In the prime office market, the lowest margin for closed deals last year was around 115 basis points, although there were reports indicative pricing term sheets at as low as 100 bps.
The first macro turbulence in the year was felt in June, as crisis of Greece’s anti-austerity populist government battled against Germany and the European Union over conditions linked to its latest bailout funds.
With fears rising that Greece may exit the EU, which would have crystalised a massive write-off among its creditors and the potential of a ‘contagion effect’ in which the next-weakest EU member state or states, such as Italy or Portugal, comes under scrutiny and markets price in the prospect of further departures.
As the summer rolled on, and then eventual Greece bailout was ultimately agreed, the averted Greek Tragedy gave way in August to a deepening China equity market crisis. In turn this triggered a collapse in commodity prices, as China’s demand sunk.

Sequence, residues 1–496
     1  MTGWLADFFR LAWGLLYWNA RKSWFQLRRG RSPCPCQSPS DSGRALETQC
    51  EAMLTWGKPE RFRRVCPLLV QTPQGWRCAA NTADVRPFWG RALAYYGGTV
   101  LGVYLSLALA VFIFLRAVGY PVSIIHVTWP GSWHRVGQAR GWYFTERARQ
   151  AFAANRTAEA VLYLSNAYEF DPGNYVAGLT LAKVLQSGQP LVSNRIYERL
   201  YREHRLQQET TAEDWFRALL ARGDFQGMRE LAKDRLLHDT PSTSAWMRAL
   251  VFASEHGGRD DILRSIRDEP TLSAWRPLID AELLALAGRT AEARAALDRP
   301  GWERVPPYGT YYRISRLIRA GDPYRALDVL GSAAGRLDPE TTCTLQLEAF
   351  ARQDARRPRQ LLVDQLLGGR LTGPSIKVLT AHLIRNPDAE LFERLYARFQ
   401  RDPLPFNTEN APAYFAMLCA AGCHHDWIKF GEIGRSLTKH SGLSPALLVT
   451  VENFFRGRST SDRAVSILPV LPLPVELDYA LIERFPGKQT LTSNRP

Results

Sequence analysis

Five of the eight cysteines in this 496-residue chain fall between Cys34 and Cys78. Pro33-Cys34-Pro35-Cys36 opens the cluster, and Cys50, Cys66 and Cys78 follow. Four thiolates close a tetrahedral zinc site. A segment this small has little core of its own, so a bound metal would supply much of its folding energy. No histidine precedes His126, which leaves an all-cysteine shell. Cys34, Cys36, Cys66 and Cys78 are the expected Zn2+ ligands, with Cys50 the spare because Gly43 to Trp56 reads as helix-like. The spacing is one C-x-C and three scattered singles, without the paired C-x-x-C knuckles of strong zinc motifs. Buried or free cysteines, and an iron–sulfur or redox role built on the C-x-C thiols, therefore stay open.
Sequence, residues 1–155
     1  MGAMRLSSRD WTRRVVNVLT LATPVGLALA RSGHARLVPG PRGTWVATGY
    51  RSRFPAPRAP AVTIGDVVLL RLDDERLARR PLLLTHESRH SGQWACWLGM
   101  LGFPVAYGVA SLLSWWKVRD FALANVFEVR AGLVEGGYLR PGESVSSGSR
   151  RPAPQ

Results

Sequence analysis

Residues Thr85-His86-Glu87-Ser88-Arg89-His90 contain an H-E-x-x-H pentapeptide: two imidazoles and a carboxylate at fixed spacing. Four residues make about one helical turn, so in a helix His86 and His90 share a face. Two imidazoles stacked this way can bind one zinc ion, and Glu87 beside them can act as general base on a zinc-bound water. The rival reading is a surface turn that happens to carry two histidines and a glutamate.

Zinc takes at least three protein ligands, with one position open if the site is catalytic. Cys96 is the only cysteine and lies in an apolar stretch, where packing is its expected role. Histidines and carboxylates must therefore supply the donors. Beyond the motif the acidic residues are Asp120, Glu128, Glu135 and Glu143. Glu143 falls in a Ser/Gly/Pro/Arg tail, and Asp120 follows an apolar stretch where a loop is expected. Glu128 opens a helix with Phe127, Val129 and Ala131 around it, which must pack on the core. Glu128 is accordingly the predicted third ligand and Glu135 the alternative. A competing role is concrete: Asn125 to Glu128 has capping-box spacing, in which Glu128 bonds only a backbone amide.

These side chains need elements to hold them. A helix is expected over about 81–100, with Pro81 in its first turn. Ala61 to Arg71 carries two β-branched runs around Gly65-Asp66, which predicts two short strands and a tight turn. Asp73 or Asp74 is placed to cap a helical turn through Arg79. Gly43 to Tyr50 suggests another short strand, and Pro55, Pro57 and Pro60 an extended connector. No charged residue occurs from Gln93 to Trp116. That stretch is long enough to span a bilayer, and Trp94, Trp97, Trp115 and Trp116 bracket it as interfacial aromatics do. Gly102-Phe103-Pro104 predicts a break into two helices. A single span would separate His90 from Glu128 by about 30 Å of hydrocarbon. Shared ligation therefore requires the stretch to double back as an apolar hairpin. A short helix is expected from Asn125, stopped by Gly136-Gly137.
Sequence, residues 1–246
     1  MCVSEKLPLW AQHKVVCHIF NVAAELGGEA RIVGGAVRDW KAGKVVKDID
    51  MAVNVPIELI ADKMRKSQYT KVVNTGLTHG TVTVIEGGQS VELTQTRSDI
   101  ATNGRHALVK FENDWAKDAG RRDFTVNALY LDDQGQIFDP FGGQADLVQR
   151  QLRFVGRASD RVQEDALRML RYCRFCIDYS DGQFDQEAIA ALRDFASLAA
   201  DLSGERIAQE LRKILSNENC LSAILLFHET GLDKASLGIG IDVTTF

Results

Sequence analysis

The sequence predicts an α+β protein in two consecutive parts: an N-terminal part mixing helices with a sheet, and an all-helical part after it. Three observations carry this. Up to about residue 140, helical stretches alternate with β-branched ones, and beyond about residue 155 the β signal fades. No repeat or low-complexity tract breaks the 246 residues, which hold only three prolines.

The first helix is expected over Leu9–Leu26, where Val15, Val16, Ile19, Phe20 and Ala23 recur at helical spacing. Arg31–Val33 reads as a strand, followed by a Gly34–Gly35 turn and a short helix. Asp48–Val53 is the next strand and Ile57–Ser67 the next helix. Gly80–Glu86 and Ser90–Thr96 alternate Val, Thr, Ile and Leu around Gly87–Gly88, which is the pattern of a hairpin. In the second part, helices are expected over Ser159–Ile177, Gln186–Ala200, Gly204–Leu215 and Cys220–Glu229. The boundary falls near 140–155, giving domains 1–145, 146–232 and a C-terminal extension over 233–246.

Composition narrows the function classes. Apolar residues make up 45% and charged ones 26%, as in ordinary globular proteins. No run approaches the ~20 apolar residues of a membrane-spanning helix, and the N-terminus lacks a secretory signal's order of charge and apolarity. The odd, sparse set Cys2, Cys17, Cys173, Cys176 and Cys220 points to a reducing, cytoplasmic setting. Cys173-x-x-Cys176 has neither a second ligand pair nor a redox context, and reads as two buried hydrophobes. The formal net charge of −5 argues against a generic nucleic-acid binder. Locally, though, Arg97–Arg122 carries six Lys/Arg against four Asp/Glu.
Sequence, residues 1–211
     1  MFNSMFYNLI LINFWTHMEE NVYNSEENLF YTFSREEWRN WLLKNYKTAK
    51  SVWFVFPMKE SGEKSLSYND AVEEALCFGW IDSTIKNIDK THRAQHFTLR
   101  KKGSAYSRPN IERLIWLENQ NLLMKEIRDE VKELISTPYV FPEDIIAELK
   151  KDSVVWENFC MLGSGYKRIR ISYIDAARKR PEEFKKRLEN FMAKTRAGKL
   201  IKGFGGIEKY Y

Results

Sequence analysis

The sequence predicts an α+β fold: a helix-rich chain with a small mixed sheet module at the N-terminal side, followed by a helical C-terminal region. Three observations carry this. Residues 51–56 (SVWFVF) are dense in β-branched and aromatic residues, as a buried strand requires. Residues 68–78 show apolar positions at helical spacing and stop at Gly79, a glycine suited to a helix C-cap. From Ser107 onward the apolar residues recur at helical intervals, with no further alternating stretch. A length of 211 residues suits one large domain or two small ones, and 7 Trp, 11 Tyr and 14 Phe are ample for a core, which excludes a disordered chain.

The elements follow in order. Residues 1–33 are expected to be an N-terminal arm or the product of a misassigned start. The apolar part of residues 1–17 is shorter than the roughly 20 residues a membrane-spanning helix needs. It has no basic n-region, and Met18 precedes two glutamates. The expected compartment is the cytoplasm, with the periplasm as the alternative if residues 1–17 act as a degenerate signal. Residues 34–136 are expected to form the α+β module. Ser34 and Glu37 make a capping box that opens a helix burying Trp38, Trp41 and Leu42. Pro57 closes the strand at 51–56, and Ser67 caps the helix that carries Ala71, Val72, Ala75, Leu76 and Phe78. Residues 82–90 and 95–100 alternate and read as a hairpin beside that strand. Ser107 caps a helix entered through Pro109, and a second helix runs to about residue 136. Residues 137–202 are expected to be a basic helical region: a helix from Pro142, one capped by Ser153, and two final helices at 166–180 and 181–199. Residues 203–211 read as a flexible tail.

The ensuing global market turmoil pushed banks into “risk-off” mode causing medium term funding costs to rise across the board, from bilateral lending to spreads on Asset Backed Securities (ABS).
The net effect was uneven across the real estate lending markets. Bilateral lending markets felt an uptick in senior margins for prime properties of 20 to 30 basis points and felt most acutely in core European cities, such as London.
In capital markets, ABS spread widening evaporated the economics of the current pipeline of CMBS transactions, with margins on warehoused loans suddenly too low for profitable execution. Of the five CMBS which closed in the second half of last year, four are estimated to have booked a loss.
A number of further transactions planned for the second half of last year were pulled and sold down in the syndication markets instead.
Comparable bilateral deals which closed at around 115 basis points last Spring, were closing with no difficulty but at around 130 to 140bps, which is generally considered to be the current pricing equilibrium for prime London senior loans. This range could perhpas be a new sustainble long term normal.